What is the Isocost Curve?

An isocost curve in the production theory that is a crucial part of economics depicts different combinations of factor inputs at a given market cost. In other words, this shows all the combinations of production factors that cost the same for the firm to employ. Usually, this can be depicted as a downward sloping straight line when the firms act as the price-takers in the factor markets. The slope of this mainly depicts the relative prices of different production factors. 

A firm in the market operates for earning a higher income but this can become possible only when there is a reduction in production cost of firms to produce a given amount of product. Thus, a profit-maximization condition will intend to maximize the earning by minimizing the cost of the factors of the production required to produce a specified level of production. Furthermore, the optimal production point for a firm can be determined at the tangency between the isocost and the isoquant.  

Isoquant curve 

The concept of the isoquant is related to the study of microeconomics wherein this curve shows the graph of charts for all the inputs required to produce specified units of output. Generally, this graph is used as a metric to estimate the impact of all the inputs on the products that can be obtained. 


Parallel to the consumer choice theory concept in economics (the budget constraint), the production theory also depicts the isocost line. Like the indifference curve that is convex to origin, there is an isoquant wherein the graphical intersection of isocost line and isoquant helps to minimize the production cost within the production constraint.  

Isocost Constraints 

Assuming that there are only two-factor inputs- Labor and Capital, the isocost constraint can be written as- 


Here, the term r depicts the rental rate of capital, K depicts the capital, w depicts the wage rate, L depicts the labor, and C depicts the total cost.  

Also, keeping the units of Labor used on the horizontal axis and the units of Capital used on the vertical axis we can derive the slope of the isocost as –w/r or slope = - (wages/rent).  

Now, it is important to note that the isocost constraint is combined with an isoquant map to measure the optimal production point for any given unit of output. More precisely, the tangency point of any isoquant with an isocost line gives the least or lowest cost combination of inputs required to produce the given units of output related to that isoquant.  

Equivalently, this tangency point will give the maximum output level that can be produced for a given total cost. Also, note that the line joining the tangency points of isoquants and isocosts (with constant input price) is known as the expansion path. The beneath graph shows the above-explained concept appropriately-    

“isocost with constant price”

In the above image, Q1 depicts Isoquant 1, Q2 depicts Isoquant 2, and Q3 depicts Isoquant 3. So there is an isoquant map. The blank inverse sloping line is the isocost line and the intersection of this isocost line with the isoquant depicts the tangency points that are the same as the equilibrium points. Furthermore, the joining of the points P, Q, and R shows the expansion path.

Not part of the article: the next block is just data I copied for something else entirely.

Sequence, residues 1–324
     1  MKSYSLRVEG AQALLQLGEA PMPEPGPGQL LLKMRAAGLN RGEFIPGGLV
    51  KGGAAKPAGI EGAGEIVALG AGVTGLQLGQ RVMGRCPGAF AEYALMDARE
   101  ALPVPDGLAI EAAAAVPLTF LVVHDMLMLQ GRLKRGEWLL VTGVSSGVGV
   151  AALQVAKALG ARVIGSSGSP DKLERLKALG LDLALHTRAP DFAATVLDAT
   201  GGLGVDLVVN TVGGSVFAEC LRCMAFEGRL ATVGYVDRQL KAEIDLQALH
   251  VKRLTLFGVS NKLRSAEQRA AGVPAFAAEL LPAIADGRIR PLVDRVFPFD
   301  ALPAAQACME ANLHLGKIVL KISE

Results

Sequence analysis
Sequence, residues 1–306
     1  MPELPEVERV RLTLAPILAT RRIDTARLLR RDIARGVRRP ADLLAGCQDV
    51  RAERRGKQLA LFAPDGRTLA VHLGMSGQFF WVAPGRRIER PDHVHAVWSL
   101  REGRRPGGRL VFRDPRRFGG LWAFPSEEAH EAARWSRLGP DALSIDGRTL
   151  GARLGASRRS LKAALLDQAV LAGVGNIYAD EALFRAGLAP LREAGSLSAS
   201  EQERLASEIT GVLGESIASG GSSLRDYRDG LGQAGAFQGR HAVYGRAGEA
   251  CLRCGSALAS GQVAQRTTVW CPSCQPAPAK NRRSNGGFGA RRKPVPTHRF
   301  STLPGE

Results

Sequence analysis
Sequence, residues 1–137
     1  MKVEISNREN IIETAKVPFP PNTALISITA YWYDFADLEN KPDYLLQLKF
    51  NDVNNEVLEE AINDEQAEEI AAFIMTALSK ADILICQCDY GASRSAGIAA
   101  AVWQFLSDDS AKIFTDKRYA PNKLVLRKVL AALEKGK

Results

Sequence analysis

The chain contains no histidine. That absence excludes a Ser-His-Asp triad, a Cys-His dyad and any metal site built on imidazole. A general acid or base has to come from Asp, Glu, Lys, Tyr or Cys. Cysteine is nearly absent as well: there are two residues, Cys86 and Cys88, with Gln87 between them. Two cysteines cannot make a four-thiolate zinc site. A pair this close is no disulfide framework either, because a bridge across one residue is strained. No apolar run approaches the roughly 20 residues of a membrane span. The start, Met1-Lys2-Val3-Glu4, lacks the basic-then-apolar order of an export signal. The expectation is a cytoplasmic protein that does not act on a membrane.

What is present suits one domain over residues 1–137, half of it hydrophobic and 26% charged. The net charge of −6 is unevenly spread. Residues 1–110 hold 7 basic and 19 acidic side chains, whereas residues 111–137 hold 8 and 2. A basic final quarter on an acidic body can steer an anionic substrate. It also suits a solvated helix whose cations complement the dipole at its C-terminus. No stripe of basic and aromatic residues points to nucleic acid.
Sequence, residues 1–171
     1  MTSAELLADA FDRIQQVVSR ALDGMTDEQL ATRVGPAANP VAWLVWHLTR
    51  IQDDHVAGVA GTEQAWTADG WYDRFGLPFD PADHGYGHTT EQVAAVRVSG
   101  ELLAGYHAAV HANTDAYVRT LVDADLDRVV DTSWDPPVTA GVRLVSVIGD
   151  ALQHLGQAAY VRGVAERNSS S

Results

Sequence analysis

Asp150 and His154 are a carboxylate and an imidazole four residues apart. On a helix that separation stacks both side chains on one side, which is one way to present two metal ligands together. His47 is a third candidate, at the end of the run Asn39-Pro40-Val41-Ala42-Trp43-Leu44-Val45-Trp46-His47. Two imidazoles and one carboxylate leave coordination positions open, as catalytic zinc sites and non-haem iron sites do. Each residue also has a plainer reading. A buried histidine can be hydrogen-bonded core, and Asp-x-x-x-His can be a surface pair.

Marginal Rate of Technical Substitution 

Economics gives a more detailed study regarding the understanding of the concept, “the marginal rate of technical substitution”. In most cases, it is written as MRTS. We know that the slope of an isoquant at any given point is the slope of a tangent line at that point. This slope of the isoquant is known as the marginal rate of technological substitution that tells a firm how much more capital is required to replace one unit of labor to maintain the same output.   

In simple terms, this depicts the rate by which a firm can substitute one-factor input in terms of other input, keeping the result the same. The basic formula of this is- 


In the above, Delta K depicts the change in the capital uses, Delta L depicts the change in the labor used, MPL depicts the marginal productivity of the labor, and MPK depicts the marginal productivity of capital.  

From the above, it seems that the ratio of the change in capital and labor is the same as the fraction of the marginal productivity of labor and capital. Now consider the beneath image and determine the MRTS at each unit of labor used.  

“marginal rate of technical substitution”

Clearly from above, the marginal rate of technological substitution is- 

Between a and b = 5, between b and c = 3, between c and d = 2, between d and e = 2.  

The above numerical denotes that as the firm employs more and more units of labor, the sacrifice of capital units to raise the labor units will decline. So, this means the marginal rate of technical substitution for a production process is diminishing like MRS in the consumer theory. This further means that its standard shape is convex to the origin.  

In this model, it is quite applicable that both labor and capital are considered as the perfect substitute for each other because MRTS(L, K) is constant at all the points on the isoquants. However, it can be stated as an unrealistic case because capital and labor are not the same production factors and hence they can’t be accounted as a perfect substitute.